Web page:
“Brexit means Brexit.” And although we haven’t quite yet worked out what that means, Theresa May, the new British Prime Minister, a long-term Eurosceptic, has made it clear that she is ready to make the UK work outside the European Union. Many of her policies are likely to appeal to those who voted “Leave,” while she still holds the Remain card, and remained relatively neutral during the campaigns. She certainly played a very clever game, and could potentially have a broad range of supporters.
Since becoming MP for Maidenhead in 1997, May has had a varied, if at times controversial career. During her stint as Home Secretary, she became renowned for her tough stance on immigration. She made it increasingly harder to get student visas, and the grace period when students had finished their studies was scrapped. (Thanks for your £40,000 – bye bye now.) She also introduced a minimum amount that British citizens would have to make to bring spouses or children into the UK – at £35,000, which caused an outcry from nurses among many, who are famous for propping up the NHS, yet notoriously underpaid. And we all remember the horrific “Go home” vans…
However, her social policies are forward-looking, liberal, and what the people of Britain expect. She has pledged to reduce inequality, and it played a big part of her incoming speech. Although a sceptic would argue it has for every incoming PM, and none of them have managed to bridge the gap, promises such as these will resonate well with an increasingly angry, tired and disenfranchised people. Fulfilling these will be a huge test for May, and it will probably define how successful her leadership will be. She’s acknowledged a need to reduce CEOs salaries, wants more houses built, intends to offer those who suffer from mental health problems more support, voted for gay marriage. It almost sounds too good to be true.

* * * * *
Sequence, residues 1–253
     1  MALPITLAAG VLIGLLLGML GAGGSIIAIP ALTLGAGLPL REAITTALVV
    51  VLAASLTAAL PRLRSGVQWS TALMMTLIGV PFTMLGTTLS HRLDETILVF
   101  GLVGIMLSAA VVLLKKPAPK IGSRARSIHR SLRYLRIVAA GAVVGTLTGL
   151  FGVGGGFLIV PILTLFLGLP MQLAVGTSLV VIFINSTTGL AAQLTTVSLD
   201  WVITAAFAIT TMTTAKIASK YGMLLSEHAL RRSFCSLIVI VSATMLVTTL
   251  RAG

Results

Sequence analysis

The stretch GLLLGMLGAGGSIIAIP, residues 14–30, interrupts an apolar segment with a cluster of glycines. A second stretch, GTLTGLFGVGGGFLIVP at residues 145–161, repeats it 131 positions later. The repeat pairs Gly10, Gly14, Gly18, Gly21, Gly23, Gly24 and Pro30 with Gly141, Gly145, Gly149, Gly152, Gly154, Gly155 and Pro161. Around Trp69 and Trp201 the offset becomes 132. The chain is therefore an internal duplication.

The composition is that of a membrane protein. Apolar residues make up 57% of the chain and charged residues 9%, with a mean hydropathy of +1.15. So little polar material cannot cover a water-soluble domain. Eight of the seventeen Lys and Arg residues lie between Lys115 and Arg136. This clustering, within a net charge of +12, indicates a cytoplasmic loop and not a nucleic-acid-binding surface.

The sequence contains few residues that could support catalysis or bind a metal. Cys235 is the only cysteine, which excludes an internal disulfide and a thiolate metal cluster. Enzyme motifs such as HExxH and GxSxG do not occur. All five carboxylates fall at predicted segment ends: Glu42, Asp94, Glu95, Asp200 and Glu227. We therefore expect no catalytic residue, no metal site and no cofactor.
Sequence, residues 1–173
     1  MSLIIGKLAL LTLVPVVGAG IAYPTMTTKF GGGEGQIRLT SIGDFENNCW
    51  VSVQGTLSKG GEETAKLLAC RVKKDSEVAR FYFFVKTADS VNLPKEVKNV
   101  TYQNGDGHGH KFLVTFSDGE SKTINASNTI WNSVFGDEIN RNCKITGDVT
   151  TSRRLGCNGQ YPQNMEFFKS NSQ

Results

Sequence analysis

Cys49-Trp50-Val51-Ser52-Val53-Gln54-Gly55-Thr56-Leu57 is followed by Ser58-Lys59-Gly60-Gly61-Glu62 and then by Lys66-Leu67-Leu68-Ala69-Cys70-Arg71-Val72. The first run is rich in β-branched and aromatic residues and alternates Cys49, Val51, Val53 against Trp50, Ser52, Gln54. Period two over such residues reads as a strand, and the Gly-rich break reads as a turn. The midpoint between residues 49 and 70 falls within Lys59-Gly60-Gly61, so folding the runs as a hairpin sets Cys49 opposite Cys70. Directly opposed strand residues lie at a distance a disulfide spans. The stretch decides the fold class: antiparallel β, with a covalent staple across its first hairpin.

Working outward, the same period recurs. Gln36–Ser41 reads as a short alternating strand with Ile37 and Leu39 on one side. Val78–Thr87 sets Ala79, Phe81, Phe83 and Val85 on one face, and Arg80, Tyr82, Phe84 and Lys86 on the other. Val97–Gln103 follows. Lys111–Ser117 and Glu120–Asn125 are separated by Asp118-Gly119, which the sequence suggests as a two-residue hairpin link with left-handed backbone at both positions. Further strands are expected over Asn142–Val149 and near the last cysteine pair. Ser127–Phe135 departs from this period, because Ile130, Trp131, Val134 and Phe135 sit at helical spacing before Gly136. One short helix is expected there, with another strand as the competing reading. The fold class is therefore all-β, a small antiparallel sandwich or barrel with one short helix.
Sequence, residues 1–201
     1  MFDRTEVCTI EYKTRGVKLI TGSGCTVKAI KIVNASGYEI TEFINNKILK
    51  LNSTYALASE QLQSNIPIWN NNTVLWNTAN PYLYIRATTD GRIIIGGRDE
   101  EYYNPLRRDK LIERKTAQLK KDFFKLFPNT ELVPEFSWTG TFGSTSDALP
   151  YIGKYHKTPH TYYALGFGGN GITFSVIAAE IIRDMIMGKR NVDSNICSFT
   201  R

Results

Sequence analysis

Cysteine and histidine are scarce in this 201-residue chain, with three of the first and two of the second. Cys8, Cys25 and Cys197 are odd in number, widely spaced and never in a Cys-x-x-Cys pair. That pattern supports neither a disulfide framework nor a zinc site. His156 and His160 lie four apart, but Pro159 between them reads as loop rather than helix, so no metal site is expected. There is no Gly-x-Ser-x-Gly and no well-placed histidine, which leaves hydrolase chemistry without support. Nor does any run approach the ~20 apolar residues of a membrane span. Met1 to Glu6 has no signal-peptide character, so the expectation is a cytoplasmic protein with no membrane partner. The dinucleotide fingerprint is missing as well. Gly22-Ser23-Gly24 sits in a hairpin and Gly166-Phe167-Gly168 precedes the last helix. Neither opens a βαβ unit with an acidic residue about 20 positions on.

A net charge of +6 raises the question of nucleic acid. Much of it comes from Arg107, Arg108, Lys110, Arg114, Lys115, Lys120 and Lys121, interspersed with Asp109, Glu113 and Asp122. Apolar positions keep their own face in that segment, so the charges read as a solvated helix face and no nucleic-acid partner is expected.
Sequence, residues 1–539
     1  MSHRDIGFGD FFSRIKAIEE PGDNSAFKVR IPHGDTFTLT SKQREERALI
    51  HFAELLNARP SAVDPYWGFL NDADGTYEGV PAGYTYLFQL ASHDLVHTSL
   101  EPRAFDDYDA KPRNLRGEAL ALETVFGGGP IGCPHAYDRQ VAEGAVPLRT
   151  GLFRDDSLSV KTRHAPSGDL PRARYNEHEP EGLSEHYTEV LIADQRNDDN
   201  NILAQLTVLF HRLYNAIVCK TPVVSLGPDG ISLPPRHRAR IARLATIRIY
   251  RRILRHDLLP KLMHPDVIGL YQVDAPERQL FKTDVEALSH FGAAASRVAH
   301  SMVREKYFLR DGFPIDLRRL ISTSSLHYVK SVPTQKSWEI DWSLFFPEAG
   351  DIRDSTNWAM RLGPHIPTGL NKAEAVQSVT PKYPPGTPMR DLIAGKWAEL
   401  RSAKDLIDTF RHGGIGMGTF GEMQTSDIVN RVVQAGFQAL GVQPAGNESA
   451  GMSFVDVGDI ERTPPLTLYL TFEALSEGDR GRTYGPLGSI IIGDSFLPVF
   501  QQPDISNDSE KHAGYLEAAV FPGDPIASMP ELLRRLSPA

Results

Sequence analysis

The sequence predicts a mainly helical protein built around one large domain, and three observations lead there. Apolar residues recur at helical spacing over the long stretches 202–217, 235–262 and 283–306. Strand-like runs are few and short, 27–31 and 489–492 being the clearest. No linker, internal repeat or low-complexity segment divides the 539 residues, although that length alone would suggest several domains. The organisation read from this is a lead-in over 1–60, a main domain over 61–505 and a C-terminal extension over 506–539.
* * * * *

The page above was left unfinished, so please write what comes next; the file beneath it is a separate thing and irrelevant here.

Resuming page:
May has also furthered her promise of supporting working people, placing them at the centre of her policies, very different from a few decades ago when she made speeches opposing the national minimum wage, arguing that in certain economic situations, employers should not have to abide by it. She poked fun at Gordon Brown for not calling a general election after his take-over from Tony Blair, labelling him “scared.” Almost ten years on however she has ruled out calling an election, despite her unelected leadership. Embarrassing? And probably the most out there decision? Appointing Boris Johnson as Foreign Secretary. A move that led to politicians, commentators, and comedians shaking their heads in despair.